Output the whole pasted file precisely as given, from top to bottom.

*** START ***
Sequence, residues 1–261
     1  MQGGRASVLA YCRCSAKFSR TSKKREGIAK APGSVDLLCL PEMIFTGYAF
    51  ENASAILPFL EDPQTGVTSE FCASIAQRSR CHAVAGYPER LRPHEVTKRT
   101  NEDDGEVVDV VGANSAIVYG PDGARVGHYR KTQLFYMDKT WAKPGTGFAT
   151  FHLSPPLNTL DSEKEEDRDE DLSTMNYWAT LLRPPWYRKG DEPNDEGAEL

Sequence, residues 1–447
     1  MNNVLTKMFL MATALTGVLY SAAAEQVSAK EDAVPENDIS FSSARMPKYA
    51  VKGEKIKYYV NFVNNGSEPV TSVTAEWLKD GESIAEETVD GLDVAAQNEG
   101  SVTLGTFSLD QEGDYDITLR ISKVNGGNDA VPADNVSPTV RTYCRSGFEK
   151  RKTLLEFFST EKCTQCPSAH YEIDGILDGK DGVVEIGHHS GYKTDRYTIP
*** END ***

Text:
Sequence, residues 1–261
     1  MQGGRASVLA YCRCSAKFSR TSKKREGIAK APGSVDLLCL PEMIFTGYAF
    51  ENASAILPFL EDPQTGVTSE FCASIAQRSR CHAVAGYPER LRPHEVTKRT
   101  NEDDGEVVDV VGANSAIVYG PDGARVGHYR KTQLFYMDKT WAKPGTGFAT
   151  FHLSPPLNTL DSEKEEDRDE DLSTMNYWAT LLRPPWYRKG DEPNDEGAEL

Sequence, residues 1–447
     1  MNNVLTKMFL MATALTGVLY SAAAEQVSAK EDAVPENDIS FSSARMPKYA
    51  VKGEKIKYYV NFVNNGSEPV TSVTAEWLKD GESIAEETVD GLDVAAQNEG
   101  SVTLGTFSLD QEGDYDITLR ISKVNGGNDA VPADNVSPTV RTYCRSGFEK
   151  RKTLLEFFST EKCTQCPSAH YEIDGILDGK DGVVEIGHHS GYKTDRYTIP